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Going Direct: FAA Orders Santa Monica To Stop The Nonsense

Here’s why the Feds called BS on Santa Monica’s airport business evictions.

Santa Monica Municipal is a historically significant and busy little single-strip city airport, but if the City of Santa Monica had its way, the facility would be a ghost town already. The city officially says it’ll be a park, but there’s good reason to suspect the real motive is not green but greed, as in the prime SoCal beachside real estate variety. Good thing the FAA has for decades been fighting the City’s plans to close the airport. On Tuesday, it got nasty. Here’s what happened and what it means.

going-direct-santa-monica-airportThere are 267 airplanes based at Santa Monica airport and every day around 450 airplanes use the airport’s one runway for the purpose of business, personal or flight training uses. For decades the City has been trying to close the airport and the FAA has been working to keep it open.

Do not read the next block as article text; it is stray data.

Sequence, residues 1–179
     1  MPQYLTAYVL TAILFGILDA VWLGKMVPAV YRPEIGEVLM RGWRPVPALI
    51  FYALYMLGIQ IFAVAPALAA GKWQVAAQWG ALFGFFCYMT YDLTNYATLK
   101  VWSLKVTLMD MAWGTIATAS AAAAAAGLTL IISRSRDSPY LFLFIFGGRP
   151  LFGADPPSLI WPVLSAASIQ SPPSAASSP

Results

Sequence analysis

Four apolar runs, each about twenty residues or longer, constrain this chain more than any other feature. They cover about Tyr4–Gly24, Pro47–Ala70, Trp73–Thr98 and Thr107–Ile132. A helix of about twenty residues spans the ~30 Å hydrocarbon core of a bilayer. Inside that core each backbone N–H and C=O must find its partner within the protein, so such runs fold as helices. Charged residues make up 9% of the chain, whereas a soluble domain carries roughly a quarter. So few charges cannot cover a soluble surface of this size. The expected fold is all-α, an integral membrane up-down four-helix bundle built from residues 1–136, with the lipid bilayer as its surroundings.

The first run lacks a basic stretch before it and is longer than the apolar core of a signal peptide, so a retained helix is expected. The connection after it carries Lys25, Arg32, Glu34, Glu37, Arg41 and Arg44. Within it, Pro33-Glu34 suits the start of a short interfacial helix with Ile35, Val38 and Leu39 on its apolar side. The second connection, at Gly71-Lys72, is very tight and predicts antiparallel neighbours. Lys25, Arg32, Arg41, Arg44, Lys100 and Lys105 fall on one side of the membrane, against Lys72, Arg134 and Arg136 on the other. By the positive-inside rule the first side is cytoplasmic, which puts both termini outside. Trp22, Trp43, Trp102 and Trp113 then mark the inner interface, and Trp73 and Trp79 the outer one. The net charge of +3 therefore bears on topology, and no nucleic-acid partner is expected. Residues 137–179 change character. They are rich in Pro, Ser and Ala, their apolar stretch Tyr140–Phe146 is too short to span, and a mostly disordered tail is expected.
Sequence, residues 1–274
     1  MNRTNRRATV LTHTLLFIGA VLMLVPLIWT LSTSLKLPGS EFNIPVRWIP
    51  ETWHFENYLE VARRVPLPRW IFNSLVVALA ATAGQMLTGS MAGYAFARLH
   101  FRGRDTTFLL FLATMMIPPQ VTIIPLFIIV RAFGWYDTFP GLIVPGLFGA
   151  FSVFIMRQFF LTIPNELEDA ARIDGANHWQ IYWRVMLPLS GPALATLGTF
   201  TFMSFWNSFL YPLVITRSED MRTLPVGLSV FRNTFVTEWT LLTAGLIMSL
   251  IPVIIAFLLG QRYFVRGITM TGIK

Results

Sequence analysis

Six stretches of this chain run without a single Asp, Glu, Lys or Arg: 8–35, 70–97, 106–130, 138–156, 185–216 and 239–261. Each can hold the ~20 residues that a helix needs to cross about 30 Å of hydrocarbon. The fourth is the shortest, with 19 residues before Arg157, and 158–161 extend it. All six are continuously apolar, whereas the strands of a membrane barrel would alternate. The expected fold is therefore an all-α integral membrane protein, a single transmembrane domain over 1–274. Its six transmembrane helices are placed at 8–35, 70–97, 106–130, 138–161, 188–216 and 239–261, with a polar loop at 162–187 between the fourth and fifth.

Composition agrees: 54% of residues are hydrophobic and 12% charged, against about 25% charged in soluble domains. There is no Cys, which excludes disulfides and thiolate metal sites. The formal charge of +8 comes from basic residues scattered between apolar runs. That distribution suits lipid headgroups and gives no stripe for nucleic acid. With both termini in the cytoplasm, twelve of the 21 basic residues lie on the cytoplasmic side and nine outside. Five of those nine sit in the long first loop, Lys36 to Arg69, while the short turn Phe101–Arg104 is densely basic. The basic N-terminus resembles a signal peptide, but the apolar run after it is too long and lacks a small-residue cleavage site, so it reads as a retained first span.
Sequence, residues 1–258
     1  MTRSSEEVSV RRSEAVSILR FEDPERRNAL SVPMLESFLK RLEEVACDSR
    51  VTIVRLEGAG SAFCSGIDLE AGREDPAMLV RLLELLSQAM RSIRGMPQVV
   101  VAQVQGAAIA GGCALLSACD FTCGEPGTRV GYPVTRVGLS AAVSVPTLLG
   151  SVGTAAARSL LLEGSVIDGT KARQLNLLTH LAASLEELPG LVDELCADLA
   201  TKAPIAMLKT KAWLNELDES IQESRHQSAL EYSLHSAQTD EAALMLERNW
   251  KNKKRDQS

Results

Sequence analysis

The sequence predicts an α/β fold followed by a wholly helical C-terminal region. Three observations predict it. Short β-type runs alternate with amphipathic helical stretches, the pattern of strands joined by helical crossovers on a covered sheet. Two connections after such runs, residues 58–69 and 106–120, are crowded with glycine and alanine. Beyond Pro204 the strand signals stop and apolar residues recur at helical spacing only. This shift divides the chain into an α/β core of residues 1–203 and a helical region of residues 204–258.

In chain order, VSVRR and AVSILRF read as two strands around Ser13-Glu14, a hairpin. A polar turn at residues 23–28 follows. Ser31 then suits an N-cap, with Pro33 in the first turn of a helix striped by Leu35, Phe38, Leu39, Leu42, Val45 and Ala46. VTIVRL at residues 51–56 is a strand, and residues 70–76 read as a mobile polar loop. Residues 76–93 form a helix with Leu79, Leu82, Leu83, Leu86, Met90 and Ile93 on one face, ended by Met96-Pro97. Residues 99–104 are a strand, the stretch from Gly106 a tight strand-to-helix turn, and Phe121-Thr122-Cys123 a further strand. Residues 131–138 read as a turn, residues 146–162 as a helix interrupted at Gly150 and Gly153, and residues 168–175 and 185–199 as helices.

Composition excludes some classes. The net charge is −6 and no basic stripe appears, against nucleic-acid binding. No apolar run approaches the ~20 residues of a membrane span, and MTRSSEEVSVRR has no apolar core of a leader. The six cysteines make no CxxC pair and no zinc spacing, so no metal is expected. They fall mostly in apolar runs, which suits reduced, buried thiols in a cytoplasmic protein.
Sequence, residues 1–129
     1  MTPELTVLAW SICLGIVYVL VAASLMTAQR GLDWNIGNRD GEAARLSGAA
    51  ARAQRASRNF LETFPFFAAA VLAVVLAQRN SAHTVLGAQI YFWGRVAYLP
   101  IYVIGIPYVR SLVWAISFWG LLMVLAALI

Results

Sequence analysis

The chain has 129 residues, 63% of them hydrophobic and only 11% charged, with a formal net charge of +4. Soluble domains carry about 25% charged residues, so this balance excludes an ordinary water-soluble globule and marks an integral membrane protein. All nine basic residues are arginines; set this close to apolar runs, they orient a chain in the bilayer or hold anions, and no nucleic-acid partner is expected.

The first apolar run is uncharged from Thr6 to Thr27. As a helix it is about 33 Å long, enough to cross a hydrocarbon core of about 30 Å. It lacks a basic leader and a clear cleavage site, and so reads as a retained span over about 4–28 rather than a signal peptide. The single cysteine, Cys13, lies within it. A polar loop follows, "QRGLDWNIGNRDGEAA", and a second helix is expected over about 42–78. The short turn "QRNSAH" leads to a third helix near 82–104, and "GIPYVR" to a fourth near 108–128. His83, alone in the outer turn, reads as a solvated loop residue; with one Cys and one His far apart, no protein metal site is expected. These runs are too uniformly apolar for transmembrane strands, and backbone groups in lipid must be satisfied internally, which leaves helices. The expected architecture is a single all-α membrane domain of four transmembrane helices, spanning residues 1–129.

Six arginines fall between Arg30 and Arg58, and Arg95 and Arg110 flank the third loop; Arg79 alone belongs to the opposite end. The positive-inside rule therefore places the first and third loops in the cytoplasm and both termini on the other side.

When Mayor Richard M. Daley of the City of Chicago decided to close its lakefront airport, Meigs, it started by working with the FAA to figure out a way to do that. When it failed in its efforts, the mayor did the unthinkable and on March 30, 2003, ordered work crews to demolish the runway. That was it for Meigs.

After long, tense negotiations with the FAA, which is requiring Santa Monica to keep the airport open as part of its grant obligations, the City of Santa Monica decided to try a different tactic, starving the airport of services. Earlier this year, it evicted lone FBO Atlantic Aviation and flight school American Flyers from the airport so it could, it claimed, provide those services itself.

No on believed the move was anything but part of the City’s plan to shutter SMO, and the City wasn’t even trying very hard to make the ruse look plausible.


That’s the issue the FAA jumped on, that the city’s claim that it was evicting its clients from the airport wasn’t believable because the City hadn’t done much to establish fuel sales and flight training at the airport itself—not that a municipality providing flight training is a believable option to begin with.

Last Tuesday the FAA got a court order preventing Santa Monica from evicting its tenants, which was supposed to have happened by now, as it fights in court to keep Santa Monica from closing SMO.

The FAA’s effort might work for a while, but it’s hard to believe that even if the starvation strategy is ruled illegal the City won’t just come up with another plan to get its way. We only hope it doesn’t involve bulldozers at midnight.


If you want more commentary on all things aviation, go to our Going Direct blog archive.


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